This is an interesting short comment piece, translated below, by Isaac Rosa, originally published on Público, on relations between the 15-M movement and the main unions in Spain. There was a lot of (often quite uninformed) critical commentary from the far left in English speaking countries during the first flushes of the 15-M movement that the movement was apolitical and failed to appreciate the role of unions in society. Rosa’s article deals with the first joint demonstration –or rather, the first demonstration unions and the 15-M movement attended jointly- held in response to the reformazo – the introduction of a debt ceiling to the Spanish constitution, previously mentioned on this site. It is a bleak enough picture all the same.
The good news is that the main unions and the 15-M came out onto the streets together. The bad news is that they didn’t come together that much, and when they did it was to argue. And there is even worse news: very few people turned up to the demonstrations, both by comparison with other mobilisations and in relation to the magnitude of the motive for the protest.
The right wing press and the radio and TV debate programmes licked their lips at the images of confrontation, and repeated time and again the banners and shouts against the unions. Some, after trying to drag the 15-M through the mud, have momentarily rehabilitated it to use it for their favourite game: pouring petrol on the union member.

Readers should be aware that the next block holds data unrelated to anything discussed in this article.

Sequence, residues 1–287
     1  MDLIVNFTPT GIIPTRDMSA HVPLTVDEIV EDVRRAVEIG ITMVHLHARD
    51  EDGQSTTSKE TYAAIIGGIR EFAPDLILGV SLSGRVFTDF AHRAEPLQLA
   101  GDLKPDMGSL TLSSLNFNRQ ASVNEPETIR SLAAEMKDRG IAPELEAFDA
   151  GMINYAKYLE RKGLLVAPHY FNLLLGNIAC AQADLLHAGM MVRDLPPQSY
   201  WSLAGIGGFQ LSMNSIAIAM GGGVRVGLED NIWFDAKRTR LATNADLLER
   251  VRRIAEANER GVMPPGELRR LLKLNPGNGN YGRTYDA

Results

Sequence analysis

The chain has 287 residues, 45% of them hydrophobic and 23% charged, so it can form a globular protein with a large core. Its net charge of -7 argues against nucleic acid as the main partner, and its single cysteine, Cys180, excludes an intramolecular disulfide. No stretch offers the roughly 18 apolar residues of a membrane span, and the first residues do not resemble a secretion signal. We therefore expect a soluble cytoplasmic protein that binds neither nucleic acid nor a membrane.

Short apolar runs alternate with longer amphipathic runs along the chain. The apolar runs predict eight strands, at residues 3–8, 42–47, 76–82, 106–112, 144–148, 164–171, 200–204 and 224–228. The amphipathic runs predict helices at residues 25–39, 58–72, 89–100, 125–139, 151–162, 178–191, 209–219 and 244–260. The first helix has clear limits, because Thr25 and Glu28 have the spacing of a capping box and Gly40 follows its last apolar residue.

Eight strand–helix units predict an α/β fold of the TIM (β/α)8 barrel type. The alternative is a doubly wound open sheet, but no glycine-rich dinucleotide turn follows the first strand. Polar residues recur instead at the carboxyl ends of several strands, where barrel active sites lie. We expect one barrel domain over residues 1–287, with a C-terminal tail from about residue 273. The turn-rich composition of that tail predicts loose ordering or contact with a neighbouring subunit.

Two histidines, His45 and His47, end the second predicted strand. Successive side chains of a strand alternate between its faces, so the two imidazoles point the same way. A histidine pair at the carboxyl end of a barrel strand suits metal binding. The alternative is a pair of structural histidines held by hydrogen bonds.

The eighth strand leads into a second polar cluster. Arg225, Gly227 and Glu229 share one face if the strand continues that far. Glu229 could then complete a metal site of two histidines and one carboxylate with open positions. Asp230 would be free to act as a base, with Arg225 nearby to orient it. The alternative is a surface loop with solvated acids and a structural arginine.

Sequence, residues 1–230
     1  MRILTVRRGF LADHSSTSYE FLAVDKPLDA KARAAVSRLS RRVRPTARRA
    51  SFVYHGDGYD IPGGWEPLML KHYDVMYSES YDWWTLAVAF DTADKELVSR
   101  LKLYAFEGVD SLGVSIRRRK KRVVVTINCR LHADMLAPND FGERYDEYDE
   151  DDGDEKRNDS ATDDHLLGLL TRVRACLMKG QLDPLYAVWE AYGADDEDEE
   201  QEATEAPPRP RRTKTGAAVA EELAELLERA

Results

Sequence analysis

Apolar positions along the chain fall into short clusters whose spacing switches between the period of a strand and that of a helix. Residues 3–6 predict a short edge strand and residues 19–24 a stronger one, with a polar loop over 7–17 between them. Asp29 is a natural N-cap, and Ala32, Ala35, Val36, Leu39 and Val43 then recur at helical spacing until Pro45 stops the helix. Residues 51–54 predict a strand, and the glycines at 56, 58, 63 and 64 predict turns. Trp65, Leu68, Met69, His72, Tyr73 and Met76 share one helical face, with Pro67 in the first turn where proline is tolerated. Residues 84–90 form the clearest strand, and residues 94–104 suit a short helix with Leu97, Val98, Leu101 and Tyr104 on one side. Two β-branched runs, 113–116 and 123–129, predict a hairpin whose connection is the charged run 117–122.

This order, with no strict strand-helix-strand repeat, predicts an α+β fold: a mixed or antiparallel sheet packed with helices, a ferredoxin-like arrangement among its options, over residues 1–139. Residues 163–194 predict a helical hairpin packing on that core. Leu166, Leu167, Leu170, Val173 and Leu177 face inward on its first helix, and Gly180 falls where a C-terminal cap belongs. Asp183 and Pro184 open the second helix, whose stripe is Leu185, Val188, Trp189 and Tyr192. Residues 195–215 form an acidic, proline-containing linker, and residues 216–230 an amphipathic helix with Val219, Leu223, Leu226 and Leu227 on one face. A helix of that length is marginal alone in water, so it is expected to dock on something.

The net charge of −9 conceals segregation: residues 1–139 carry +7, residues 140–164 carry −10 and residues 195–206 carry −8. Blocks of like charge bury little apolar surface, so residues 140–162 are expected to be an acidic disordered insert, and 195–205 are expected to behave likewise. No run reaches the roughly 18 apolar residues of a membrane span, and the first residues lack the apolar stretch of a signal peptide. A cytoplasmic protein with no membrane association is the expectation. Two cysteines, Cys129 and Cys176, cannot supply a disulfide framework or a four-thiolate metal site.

The result was somewhat bitter. Some of those will have lost the inclination to turn up to the next date, especially on the union side, since it is hardly appetising to be called a sell-out while you’re protesting. Others had to spend the demonstration moving from one pavement to the other, since they have a double militancy, belonging equally to their union and their neighbourhood assembly, they struggle in their workplace at the same time as they stop evictions or take to the streets, and I don’t suppose they liked what happened.
I am the first to have criticised time and again, from this column, those unions who indeed bear their part of the blame for the demobilisation of workers, for their continued strategy of making pacts, the lack of continuity after the general strike, and the incomprehensible agreement on pension reform.
That said, I also think that presently, and for a long time in the future, the 15-M does not have the capacity to take the place of unions when it comes to defending labour rights; and without them, without counting on their embedding in firms and their experience, 15-M cannot really seriously plan to call that strike that they have been threatening for months.
In sum: this is the moment to join forces, not to divide and engage in more confrontation. And each one must think what its priority is today, what it considers to be the gravest and urgent problem: the attitude of the unions –in which moreover, it scarcely needs to be said, there are many brave and determined people- or the attack against workers that we are suffering. I, without stopping being critical, am very clear on this, especially after seeing how in the demonstrations on Tuesday we were very few, and very poorly matched.